Drops Instead of Shots
For many suffering from allergies, the shots can be as much of an inconvenience as the allergies themselves.
"I didn't know that I had allergies, it's just about a year ago that I actually found out 'cause I've gone through the allergy testing," Yekaterina Konalova said. "And that was an explanation for why I was getting sick a lot."
The worst triggers for her are grass and dust. So what could she do for relief?
"The main first line treatments that are available are medications, which everybody knows a lot about," Otolaryngic Allergist Dr. William Reisacher said. "Antihistamines and nasal sprays. And also avoidance strategies: finding out what it is you're allergic to, and then taking meaningful steps to try to, decrease your exposure to that in the environment."
Beyond that ...
"Allergy shots are very effective," Reisacher said. "They have a very long track record and they've been found to be around 90% effective."
But allergy shots are not a reasonable option for everyone. Dr. Reisacher had some patients who found it difficult to come in every week. For patients that were too busy, he offered an alternative.
"The allergy serum which had been given previously through a subcutaneous injection, is now being given, through, a sublingual, or under the tongue route," Reisacher said.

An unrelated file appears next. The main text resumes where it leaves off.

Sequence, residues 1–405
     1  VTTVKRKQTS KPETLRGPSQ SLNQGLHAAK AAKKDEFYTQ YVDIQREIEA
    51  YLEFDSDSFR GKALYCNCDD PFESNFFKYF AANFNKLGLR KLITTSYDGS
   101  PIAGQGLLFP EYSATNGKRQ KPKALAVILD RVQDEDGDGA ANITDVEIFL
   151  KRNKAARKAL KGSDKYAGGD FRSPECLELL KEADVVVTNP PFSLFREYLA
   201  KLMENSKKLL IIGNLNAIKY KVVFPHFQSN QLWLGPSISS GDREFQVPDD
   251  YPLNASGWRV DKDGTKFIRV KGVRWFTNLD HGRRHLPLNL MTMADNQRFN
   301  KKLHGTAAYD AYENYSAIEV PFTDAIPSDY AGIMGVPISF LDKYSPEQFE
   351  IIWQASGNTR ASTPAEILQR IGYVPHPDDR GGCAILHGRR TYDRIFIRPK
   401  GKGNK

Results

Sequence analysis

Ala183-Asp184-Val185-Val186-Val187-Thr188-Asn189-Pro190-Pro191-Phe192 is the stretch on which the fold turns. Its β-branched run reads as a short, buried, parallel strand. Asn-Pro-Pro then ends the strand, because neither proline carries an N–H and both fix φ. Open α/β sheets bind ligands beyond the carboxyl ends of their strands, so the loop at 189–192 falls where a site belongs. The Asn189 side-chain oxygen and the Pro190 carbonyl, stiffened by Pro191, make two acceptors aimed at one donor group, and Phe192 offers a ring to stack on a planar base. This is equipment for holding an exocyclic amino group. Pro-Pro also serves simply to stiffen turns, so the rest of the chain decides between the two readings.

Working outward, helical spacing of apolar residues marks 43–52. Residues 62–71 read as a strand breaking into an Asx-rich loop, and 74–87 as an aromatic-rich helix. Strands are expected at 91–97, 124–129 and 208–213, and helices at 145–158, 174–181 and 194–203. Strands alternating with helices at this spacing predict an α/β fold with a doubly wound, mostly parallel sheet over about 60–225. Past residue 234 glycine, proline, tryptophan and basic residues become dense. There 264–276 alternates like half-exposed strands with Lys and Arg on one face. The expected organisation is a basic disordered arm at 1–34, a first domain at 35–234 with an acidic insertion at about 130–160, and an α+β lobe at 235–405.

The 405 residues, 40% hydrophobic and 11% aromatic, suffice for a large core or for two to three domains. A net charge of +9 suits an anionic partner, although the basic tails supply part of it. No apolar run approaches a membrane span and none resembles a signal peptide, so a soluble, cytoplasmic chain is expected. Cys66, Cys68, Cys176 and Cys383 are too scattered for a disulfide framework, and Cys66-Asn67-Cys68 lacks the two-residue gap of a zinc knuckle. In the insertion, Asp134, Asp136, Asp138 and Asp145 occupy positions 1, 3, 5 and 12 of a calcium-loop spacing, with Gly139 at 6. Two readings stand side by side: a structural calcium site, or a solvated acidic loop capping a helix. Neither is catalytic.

The "allergy drops" allow patients to skip the needles and treat themselves daily at home. But their use is experimental because the drops are not FDA approved.
"So the FDA has approved these extracts to be used in an injection, but because it hasn't been given through the oral route, they haven't gone through the data to determine the safety," he said.
So far, the research has shown them to be safe and effective. But larger studies are needed and doctors are still determining the appropriate dosages. Not everyone is convinced this will be the end to allergy shots.
"It hasn't been researched in multiple allergic patients," Allergist Dr. Jonathon Field said. "Most of the patients we see have more than one allergy, maybe indoor and outdoor. And there's no data to say it works for multiple. It's usually just a single, focused allergy."
And there's skepticism about patient compliance. Konolova has only been using the drops for a few months.
"Right now I'm just waiting for the drugs to accumulate in the body and hopefully, in a few months I'll start seeing the effects of them," she said.
KOMU contacted one Columbia Allergy Consultant and they don't use the drops because they are not FDA approved.
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